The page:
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On Fri, Sep 25, 2009 at 5:01 PM, Casey Hawthorne <> wrote:

You might want to try implementing the LUA VM in Haskell, since
Haskell was used to implement Perl 6.

My main goal is to implement a Lua VM where C is unavailable.  Right now my main areas of focus are browsers and XNA (for xbox community games).
Parsers have a lot of abstraction levels which a pure functional
language excels at.

If you insist on using the .NET platform, you might want to chose F#
over C#.

I wouldn't mind doing it in F# if I had more time to learn the language.  The VM as it stands now is about 1200 lines of code and C# 3 is good/functional enough for me to write clean code.

On re-reading your post, it seems like you want to write a language
that runs on the LUA VM.

Yes, ultimately I want my language to target the Lua VM and I will have portability to any platform that supports it.  There are many VMs out there but none of them truly run everywhere and depend on their vendors of a large open source effort to port.  I can't run Java on the XNA platform and I can't run C# in Flash.  I am looking at the LuaVM as a way for me to make my code portable at only a small cost of reimplementing the Lua VM and the standard library on whatever platform I need.  So far the effort to do this in C# is only a couple of days.

>I really like the idea of a language being built up from a small core which
>can be easily implemented anywhere it is not supported.

You are asking for a small as possible VM and as small as possible
language kernel, I believe.

Just recently there was an O/S written for embedded applications that
was proven correct.
Written in a functional style?
Implemented in a functional language?

You might want to look into that.

On Fri, 25 Sep 2009 16:38:38 -0700, you wrote:

>Hello All,
>I've been playing around with the idea of implementing a Lisp-like language
>that targets the LuaVM.   The reasons why I chose the Lua VM are 1) It seems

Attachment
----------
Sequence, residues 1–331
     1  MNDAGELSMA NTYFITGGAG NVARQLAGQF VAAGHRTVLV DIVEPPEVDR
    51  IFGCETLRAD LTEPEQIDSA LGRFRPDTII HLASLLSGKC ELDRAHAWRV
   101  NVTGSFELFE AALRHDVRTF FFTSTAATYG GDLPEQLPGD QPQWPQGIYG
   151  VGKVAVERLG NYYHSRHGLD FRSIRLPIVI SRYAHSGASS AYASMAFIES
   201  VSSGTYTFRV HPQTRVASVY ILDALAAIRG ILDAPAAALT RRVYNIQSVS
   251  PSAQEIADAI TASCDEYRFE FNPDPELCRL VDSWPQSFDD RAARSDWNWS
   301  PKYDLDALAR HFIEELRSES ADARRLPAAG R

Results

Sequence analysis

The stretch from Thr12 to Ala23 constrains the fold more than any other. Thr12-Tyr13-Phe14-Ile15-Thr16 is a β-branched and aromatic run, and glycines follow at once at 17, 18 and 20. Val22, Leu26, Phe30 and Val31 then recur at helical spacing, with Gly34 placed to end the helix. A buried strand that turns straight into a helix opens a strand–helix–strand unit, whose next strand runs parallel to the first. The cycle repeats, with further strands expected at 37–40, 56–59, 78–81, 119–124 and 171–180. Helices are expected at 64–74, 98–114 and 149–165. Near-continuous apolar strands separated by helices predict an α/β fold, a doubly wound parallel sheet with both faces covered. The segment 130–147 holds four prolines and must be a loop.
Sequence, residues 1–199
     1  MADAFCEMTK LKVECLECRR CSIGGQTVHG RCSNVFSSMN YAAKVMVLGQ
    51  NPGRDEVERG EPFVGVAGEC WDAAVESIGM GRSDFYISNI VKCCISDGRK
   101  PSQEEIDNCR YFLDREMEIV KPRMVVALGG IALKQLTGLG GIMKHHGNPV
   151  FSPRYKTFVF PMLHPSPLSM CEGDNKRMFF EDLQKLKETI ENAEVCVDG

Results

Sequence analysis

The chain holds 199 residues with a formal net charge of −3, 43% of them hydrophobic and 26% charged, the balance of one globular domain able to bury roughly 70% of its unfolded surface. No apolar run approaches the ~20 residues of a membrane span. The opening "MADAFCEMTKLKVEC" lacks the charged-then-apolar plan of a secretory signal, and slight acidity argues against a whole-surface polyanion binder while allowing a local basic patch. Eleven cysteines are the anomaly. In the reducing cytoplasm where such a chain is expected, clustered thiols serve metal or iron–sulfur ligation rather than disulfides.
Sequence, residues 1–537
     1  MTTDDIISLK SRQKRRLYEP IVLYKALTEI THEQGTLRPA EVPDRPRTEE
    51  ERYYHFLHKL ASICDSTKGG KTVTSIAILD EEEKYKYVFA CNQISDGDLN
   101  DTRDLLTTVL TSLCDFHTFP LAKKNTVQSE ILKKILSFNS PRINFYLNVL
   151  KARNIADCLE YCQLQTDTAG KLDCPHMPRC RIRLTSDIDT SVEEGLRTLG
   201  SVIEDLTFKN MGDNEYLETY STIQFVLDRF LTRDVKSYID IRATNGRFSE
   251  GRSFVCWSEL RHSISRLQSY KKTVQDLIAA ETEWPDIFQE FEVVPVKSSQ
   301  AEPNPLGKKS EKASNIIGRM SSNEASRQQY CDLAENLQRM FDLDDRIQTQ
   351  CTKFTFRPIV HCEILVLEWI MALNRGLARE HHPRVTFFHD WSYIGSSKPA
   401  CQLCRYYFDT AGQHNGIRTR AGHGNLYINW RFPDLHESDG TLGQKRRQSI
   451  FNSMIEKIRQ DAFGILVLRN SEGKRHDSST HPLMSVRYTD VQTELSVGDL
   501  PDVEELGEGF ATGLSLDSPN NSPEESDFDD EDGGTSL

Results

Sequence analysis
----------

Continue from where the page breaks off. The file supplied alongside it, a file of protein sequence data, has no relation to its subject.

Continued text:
>to be faster than several other VMs and 2) The VM has a very minimalistic
>approach, which makes it very easy to implement.   I want my language to run
>on several platforms that do not support C code, including rich web clients
>like Flash and Silverlight and game development environments like XNA.   I
>really like the idea of a language being built up from a small core which
>can be easily implemented anywhere it is not supported.
>I have started a VM implementation in C#, and it passes many lua unit tests
>at this point.  I can compile lua files using luac and run them in both
>Silverlight and XNA.   I have really only spent a couple of days doing this
>and I'm surprised at how straightforward this is.  Setting my Lisp language
>idea aside, I was wondering if this VM might be of any value to others, as
>an alternative way to run Lua code in .NET?  I see there is LuaInterface but
>that doesnt seem to support my requirements because it is a bridge to Lua's
>C VM.
>I will probably end up writing a native action script Lua VM as well so I
>can easily develop games that work in both silverlight and flash.  Either
>that or I could use Lua-Alchemy but I am curious about how a native action
>script VM would perform against the c->llvm solution that alchemy is using.
>Any thoughts on this are appreciated.